Photo: Amiri Baraka | Joyce Jones
The next show will air on Sunday, November 2, 2014 from 11:00 PM – 1:00 AM Monday Eastern Standard Time on WBAI, 99.5 FM in the NYC metro area or streaming online at wbai.org. This installment of Suga’ will continue our discussion on the legacy of the Black Arts Movement with Sonia Sanchez and Drs. John Bracey and James Smethurst of the University of Massachusetts Amherst at a release party for their new book on the Black Arts Movement, SOS: Calling All Black People: A Black Arts Movement Reader.
Sonia Sanchez, whose been previously featured on Suga’ in My Bowl, while best known for her poetry and central role in the Black Arts Movement, is also a playwright, activist, and educator. In her presentation, Sanchez recalls the origin of Baraka’s decision to come to Harlem and help organize Black artists and discusses the beginning of Black Studies programs. She also speaks about the role of the Black artist and what she expects of herself as a poet. Sanchez also talks about her discovery of the Schomburg library and Micheaux’s legendary Harlem bookstore and Malcolm X’s influential role in her political and intellectual development.
Dr. John Bracey is chair of the W.E.B. DuBois Department of Afro American Studies at UMass Amherst, where he’s taught since 1972. In the 1960s, Bracey was active in the Civil Rights and Black liberation movements in Chicago and has focused on this time period in his research. In his presentation, Bracey discusses Baraka’s contributions to the Black Arts, provides context for the emergence of the movement, and makes connections to current artists in hip hop.
Dr. James Smethurst is Professor of Afro American Studies at UMass Amherst. He is author and editor of several books, including The Black Arts Movement: Literary Nationalism in the 1960s and 1970s and The New Red Negro: The Literary Left and African American Poetry, 1930-1946. He is also working on a history of the Black Arts Movement in the south. Smethurst gives a timeline of the Black Arts Movement and discusses the role of Amiri Baraka in the movement.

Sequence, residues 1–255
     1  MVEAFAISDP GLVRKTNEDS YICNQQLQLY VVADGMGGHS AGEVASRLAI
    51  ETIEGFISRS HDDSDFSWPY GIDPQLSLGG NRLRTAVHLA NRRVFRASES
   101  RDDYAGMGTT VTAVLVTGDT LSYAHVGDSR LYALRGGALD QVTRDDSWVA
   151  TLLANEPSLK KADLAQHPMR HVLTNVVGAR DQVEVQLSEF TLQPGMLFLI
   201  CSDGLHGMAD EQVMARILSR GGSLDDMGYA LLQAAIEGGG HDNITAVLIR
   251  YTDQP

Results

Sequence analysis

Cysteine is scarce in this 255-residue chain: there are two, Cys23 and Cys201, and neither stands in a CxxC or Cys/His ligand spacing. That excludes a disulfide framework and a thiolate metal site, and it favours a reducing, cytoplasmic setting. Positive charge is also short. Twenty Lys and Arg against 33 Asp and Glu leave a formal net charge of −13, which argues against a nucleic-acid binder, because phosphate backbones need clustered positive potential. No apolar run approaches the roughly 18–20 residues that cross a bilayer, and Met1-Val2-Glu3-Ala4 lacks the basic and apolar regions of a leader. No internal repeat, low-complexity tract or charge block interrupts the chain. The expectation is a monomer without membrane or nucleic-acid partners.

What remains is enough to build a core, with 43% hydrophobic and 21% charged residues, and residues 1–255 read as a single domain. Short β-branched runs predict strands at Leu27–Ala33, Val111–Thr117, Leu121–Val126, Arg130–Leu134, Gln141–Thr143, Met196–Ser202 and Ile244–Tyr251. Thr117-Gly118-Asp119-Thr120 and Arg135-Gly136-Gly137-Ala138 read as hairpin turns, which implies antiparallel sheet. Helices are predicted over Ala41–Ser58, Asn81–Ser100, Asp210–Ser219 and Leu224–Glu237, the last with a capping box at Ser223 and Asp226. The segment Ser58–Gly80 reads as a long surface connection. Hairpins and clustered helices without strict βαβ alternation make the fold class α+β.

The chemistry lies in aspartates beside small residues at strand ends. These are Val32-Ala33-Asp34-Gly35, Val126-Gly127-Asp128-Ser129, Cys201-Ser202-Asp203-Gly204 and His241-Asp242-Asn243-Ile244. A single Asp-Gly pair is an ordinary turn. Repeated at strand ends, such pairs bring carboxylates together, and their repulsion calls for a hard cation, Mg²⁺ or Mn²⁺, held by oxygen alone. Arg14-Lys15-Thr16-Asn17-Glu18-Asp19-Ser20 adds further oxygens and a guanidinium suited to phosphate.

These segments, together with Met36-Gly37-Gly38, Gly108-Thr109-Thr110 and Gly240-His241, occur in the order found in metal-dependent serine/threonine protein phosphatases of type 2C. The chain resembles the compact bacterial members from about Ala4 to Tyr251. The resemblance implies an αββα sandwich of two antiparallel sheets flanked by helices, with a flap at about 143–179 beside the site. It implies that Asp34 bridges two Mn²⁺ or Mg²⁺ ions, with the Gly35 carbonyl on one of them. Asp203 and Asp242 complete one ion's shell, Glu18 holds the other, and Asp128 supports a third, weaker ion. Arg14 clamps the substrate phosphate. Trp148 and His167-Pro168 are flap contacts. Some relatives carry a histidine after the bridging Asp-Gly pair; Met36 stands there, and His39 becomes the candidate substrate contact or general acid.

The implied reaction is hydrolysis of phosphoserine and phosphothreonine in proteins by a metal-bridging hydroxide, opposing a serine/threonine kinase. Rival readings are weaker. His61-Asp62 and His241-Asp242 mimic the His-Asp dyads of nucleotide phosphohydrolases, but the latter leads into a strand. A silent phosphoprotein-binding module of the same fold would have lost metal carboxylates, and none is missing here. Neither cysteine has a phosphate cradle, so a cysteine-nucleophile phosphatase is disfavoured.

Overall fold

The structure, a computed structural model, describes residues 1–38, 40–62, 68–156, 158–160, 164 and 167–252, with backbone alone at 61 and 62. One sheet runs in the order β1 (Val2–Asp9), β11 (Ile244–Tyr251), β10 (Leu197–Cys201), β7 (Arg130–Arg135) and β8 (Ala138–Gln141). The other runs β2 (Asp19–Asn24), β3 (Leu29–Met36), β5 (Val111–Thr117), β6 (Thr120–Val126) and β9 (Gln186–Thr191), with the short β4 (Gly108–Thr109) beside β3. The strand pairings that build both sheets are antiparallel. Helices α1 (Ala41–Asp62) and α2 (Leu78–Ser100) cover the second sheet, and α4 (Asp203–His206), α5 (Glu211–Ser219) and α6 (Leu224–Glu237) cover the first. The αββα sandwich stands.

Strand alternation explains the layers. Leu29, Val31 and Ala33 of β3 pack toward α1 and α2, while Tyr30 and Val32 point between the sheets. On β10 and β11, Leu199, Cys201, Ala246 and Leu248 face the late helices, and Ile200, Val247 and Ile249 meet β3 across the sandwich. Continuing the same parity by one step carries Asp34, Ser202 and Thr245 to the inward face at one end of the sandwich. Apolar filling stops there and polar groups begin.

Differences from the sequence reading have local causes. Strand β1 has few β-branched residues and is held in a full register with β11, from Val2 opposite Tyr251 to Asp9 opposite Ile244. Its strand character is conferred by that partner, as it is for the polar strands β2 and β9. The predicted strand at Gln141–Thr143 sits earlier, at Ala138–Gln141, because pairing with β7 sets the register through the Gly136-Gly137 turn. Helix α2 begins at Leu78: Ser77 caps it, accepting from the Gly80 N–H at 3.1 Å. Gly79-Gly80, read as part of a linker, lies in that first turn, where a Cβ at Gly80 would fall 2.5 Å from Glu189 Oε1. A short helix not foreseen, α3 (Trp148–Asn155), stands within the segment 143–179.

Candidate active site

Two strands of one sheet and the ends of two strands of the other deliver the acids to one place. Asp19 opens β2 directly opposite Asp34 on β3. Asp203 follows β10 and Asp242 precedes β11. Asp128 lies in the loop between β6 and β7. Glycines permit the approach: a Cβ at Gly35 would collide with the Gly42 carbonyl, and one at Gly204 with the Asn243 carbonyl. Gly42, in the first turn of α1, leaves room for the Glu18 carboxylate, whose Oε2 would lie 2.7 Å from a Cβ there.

SOS—Calling All Black People: A Black Arts Movement Reader brings together a broad range of key writings from the Black Arts Movement of the 1960s and 1970s, among the most significant cultural movements in American history. The aesthetic counterpart of the Black Power Movement, it burst onto the scene in the form of artists’ circles, writers’ workshops, drama groups, dance troupes, new publishing ventures, bookstores, and cultural centers, and had a presence in practically every community and college campus with an appreciable African-American population. Black Arts activists extended the reach even further through magazines such as Ebony and Jet, on television shows such as Soul! and Like It Is, and on radio.
Special thanks to the Center for Black Literature at Medgar Evers College in Brooklyn for permission to record the presentations at their event and to WBAI producer Dred Scott Keyes, who gathered the sound and presented parts of it on his WBAI show Cutting Edge.
Show engineered, produced, hosted, and edited by Joyce Jones. Sound recording and engineering by Dred Scott Keyes. Listen for our On the Bandstand segment with NYC metro area appearances of Suga’ guests at the end of the first hour with Associate Producer Hank Williams.
This show will feature highlights of our premium for the fall fund drive, which is a 2-CD presentation of the book release event at the Center for Black Literature at Medgar Evers College on October 9, 2014. Discussion panelists were co-editors Sonia Sanchez with Drs. John H. Bracey Jr. and James Smethurst. For your generous financial support to WBAI-FM, you will be able to get a copy of this program, the SOS—Calling All Black People reader, or both! You can also support WBAI (and the show) by donating as little as $5 during the fund drive.
Photos: John Bracey via UMass Afro Am | Sonia Sanchez via Wikimedia Commons / Slowking
Pledge for the Suga in My Bowl Black Arts Movement 2-CD audio premium
Pledge for the SOS—Calling All Black People reader from the University of Massachusetts Press.
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